10. He thinks he is better than everyone else. You can see this when Rovell was famously duped by an 18-year-old kid into thinking he was an escort. (The whole story is here.) When Rovell had to apologize for his mistake -- something we've all had to do -- he couldn't resist a dig at the person who had decided to point out how shoddy Rovell's reporting was in the first place: "As a result I will do fewer stories on the real life impact of big events which I do think the public enjoys. There will always be people out there who want their 15 minutes of fame and not really care how they get there." From a hater: "Someone I know from a publication that will remain nameless said he's a total jitbag when he deigns to call and seek info for a tweet or story. As in, WHAT DO YOU MEAN I CAN'T TALK TO HIM/HER IMMEDIATELY? I. AM. DARREN. ROVELL!!!" (Anecdotally, I can confirm this: I've had several people whom Rovell has needed info from who have felt harassed and pushed around. Though, to be fair, "politeness" isn't necessarily the first word that should be associated with a journalist. Rovell's renowned rudeness when he needs information is something I'm prone to give him a pass for.)
     
  11. He's extremely successful. Through it all, this might be the biggest one. When Rovell left CNBC last year to return to ESPN (where he'd worked six years earlier), reports had his salary at roughly $500,000. What that says about Rovell, and ESPN, is a bit too much for a lot of people. Of course, if Rovell were the sort of person who quoted "The Simpsons" -- 5.3 million viewers for its last first-run episode; 998,948 official Twitter followers; $286,131 cost for a 30-second ad -- he might say that he sleeps soundly on a bed full of money, with many naked beautiful ladies.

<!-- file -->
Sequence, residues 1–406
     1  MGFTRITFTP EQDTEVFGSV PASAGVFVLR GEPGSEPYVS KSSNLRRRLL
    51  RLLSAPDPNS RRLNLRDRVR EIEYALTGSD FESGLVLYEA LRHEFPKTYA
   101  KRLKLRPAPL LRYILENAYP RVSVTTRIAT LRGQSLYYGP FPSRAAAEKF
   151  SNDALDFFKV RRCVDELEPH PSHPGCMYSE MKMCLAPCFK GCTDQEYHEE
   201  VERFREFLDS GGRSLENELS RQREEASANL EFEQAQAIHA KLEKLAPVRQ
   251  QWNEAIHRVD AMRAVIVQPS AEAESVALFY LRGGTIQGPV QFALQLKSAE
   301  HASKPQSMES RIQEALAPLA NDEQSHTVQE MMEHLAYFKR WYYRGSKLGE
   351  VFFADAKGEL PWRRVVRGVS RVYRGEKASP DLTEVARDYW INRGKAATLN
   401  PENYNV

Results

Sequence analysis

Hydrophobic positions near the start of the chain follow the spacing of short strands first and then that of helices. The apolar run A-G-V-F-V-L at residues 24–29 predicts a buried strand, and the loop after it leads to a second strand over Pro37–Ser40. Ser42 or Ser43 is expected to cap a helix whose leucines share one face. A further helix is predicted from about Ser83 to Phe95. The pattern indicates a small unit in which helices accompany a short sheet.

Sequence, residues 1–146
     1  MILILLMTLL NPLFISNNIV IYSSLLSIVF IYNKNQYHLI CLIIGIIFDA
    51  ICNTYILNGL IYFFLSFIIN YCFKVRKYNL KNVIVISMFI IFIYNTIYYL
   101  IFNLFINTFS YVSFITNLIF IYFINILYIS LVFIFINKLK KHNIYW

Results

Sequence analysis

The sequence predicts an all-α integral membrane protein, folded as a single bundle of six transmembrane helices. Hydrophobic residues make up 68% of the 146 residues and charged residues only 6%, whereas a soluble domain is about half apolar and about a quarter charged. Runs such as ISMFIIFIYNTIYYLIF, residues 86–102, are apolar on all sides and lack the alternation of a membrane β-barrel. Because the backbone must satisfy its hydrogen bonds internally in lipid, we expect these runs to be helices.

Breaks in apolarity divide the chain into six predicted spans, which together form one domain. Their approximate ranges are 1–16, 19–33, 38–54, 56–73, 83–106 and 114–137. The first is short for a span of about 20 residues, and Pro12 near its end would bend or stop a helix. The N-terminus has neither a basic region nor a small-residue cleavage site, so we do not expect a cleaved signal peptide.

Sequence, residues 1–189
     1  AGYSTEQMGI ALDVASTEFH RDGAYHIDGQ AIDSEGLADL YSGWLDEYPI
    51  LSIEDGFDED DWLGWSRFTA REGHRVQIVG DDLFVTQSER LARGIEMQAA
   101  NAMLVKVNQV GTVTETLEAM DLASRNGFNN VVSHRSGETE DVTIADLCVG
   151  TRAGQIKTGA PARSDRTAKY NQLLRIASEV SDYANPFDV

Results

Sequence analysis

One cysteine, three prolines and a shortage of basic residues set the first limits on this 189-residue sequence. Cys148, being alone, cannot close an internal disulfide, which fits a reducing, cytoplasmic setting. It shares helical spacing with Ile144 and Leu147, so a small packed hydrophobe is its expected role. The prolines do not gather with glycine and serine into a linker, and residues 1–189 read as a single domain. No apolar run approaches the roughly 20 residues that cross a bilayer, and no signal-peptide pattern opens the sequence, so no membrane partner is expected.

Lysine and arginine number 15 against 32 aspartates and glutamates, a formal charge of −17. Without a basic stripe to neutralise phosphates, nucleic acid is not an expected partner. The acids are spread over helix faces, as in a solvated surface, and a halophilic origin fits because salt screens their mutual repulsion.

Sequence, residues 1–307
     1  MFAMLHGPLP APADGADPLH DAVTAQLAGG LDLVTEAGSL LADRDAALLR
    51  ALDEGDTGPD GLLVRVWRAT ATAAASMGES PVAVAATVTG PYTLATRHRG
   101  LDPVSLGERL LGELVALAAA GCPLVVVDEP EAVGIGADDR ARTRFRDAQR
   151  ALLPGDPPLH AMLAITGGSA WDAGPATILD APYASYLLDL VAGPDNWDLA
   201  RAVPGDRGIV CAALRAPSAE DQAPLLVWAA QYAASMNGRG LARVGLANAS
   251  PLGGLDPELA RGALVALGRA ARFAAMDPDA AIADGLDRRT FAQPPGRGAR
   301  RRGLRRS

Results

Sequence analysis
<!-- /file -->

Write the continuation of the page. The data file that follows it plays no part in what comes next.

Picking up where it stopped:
I am just reporting facts, Darren. I don't hate you. I'm just trying to help. C'mon, do the heel turn. First Take could always use a fill-in for Skip.

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In all honesty, every time I've ever talked to Darren, I've enjoyed his company, though that might change now. I really think there's something to Twitter just making him crazy. But at $500,000 a year, hey, there ain't nothing crazy about that. By the way: this is why that list went to 11. Remember, this column is meant as a valve, a release, for when you're yelling at your television during games, or, after reading a particular column, you're 
pounding your fists into your computer. Obviously, I'll need your help to do that. Anything you want me to write about, let me know, through email or Twitter. I am at your beck and call.

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Ed. Note -- this article has been updated to reflect the fact that Rovell's tweets to Tom Ziller are still visible on Rovell's page.